Many people have heard of the Irish rail workers mass grave in Duffy’s Cut, PA, but few know about Funks Grove, IL. Above: The Celtic cross installed there in 2000.Funks Grove Maple Syrup Company

In the mid-to-late 1800s, as many Irish fled their famine-stricken home country, thousands came to America to labor on the railroad systems that would connect the states as nothing had before.

Sadly, many of these men – and some women – would lose their lives along the tracks where they set down the rails, due to the grueling labor, the often rough work conditions and the rapid spread of diseases such as cholera and dysentery. Worse still, a great number of these workers were denied any sort of formal burial, their bodies simply left behind or put in a mass grave with other workers.

Perhaps the best-known instance of an Irish railroad workers mass grave can be found in Duffy's Cut, PA, which first made headlines 12 years ago when brothers Doctors Frank and William Watson began their investigation into the deaths of the Irish immigrants, spurred on by a file of evidence left by their grandfather. After years of research and testing, they were able to confirm that while some of the 57 Irish immigrants, most from County Derry, died from cholera, others were murdered, possibly by locals who believed they were responsible for spreading the disease.

Remains at Duffy's Cut.

Remains at Duffy's Cut.

Less well known are two mass graves of fifty Irish people who worked on the Illinois Central Railroad in Funks Grove, IL, a small village 12 miles south of Bloomington.

The grave site's unusual because the workers were buried in the local cemetery instead of by the tracks, all thanks to the kindness of one family, the Funks.

The family came to the area in 1824, when brothers Isaac and Abaslom Funk arrived there after leaving their family’s Ohio farm. Half a year later they were joined by their sister, Dorothy (Funk) Stubblefield and her husband, Robert, who set down roots in the area. The family chose the location of the church and cemetery in 1830, and in 1864-65 they built a new church building out of white pine shipped from the east coast. They maintained the church and the cemetery themselves until 1891.

Funks Grove Church. Image: The Funks Grove Maple Syrup Company

Funks Grove Church. Image: The Funks Grove Maple Syrup Company

Read More: The impact of the Irish on the American railroad system

So how did the fifty Irish men come to be buried in the Funk family plot, in two mass graves?

In the 1850s, central Illinois was flooded with thousands of rail workers, who labored to build over 2,700 miles of track in the state in just 10 years.

In an article on the Irish rail laborers of Central Illinois, Mike Matejka explains, “Famine-ravaged Irish families became the key foundation for pre-Civil War railroad and canal building in America. 75 cents to $1.50 a day was the standard wage rate, minus room, board and other expenses.” The Irish were the largest ethnic group listed in the payroll records for the Illinois Central railroad.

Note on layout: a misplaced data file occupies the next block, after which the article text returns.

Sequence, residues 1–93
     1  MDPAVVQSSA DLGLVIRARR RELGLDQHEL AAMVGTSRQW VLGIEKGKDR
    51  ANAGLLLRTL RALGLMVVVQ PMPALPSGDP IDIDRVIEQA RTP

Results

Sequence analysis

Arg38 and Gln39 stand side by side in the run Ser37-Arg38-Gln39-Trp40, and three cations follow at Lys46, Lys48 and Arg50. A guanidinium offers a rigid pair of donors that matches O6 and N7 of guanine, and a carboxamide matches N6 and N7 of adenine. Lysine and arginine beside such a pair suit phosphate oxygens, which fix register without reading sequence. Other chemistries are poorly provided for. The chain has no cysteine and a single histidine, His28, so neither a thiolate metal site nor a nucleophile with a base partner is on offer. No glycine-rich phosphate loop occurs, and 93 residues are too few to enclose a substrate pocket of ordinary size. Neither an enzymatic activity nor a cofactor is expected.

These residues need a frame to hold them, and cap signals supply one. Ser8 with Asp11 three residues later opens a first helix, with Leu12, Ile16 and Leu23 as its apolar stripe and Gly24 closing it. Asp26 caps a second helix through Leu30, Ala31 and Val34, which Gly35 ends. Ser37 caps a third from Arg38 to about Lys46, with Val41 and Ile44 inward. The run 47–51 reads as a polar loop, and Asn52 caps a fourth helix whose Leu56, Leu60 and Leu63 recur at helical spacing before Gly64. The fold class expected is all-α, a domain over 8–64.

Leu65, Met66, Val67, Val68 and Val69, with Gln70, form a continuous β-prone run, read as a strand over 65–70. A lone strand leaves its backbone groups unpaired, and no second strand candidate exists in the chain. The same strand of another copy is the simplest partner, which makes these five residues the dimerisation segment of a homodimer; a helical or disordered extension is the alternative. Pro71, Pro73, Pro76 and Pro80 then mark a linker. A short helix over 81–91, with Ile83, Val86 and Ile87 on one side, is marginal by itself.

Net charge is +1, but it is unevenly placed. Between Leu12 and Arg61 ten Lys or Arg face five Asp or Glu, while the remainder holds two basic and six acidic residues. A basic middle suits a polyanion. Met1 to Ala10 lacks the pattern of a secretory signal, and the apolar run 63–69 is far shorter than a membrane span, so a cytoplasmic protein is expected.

A cholera outbreak, sadly an all too common occurrence in the railroad labor camps, led to dozens of deaths among the workers, and the Funk family, the founders of Funk’s Grove, offered to let them be buried in their cemetery plot.

Matejka explains the significance of this gesture given the social climate of the place and time:

“The Funk family broke social barriers of the times in allowing Irish burials in their cemetery. Bloomington did not have a Catholic Church until 1853 and a cemetery until 1856. The reigning mayor, Franklin Pierce, was a "Know-Nothing," frequently attacking the growing Irish community on Bloomington's west side. Perhaps the Funk's Grove cemetery was a sanctuary for the growing Irish community, until they were able to establish their own burial spot, outside city limits, in 1856.”

While the exact fate of the Irish immigrants buried at Funk’s Grove remains unknown (local papers did not carry reports of any of the men’s deaths at the time,) Matejka does quote L. Jane Canfield, a Funk's Grove native, who remembered what her grandmother, Emily Jane Van Ness Wilcox, told her:

“She talked about how the young Irish men, some were fourteen or fifteen years old, who worked on the railroad in the early 1850s had migrated to the U.S. because of the famine in Ireland. They worked hard and lived in primitive conditions along the building site of the railroad. In the summer of 1853, many men, both young and old, came down with cholera and a large number of them died in a few days. Fear of the spreading disease, they were buried in a mass grave west of the Funk's Grove church.”

The cross dedication on April 28, 2000. Image:

The cross dedication on April 28, 2000. Image:

The presence of the graves endured in local memory. A Celtic cross monument was erected on April 28, 2000, following donations totaling $20,000 from Irish heritage groups, local unions and a few generous individuals to commemorate the Irish immigrants buried at Funk’s Grove. It reads:

"This Celtic cross honors the memory of more than fifty souls buried here in the early 1850s. These immigrants from Ireland were driven from the land of their birth by famine and disease. They arrived sick and penniless, and took hard and dangerous jobs building the Chicago & Alton Railroad. Known but to God, they rest here in individual anonymity – far from the old homes of their heirs – yet forever short of the new homes of their hopes. Their sacrifices opened interior Illinois and made it possible to develop the riches of the land we share today."

Do you know any stories or historical information of the Irish immigrants who built railroads in the US? Share them in the comment section, below.  

* Originally published in May 2016.